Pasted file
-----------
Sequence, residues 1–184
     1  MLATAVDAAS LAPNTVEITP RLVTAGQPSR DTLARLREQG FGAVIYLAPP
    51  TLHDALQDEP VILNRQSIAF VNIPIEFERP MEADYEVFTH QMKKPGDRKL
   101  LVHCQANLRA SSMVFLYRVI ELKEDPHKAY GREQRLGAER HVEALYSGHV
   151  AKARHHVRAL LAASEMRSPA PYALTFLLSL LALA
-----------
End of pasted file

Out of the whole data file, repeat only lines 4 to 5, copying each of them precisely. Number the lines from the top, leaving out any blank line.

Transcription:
   101  LVHCQANLRA SSMVFLYRVI ELKEDPHKAY GREQRLGAER HVEALYSGHV
   151  AKARHHVRAL LAASEMRSPA PYALTFLLSL LALA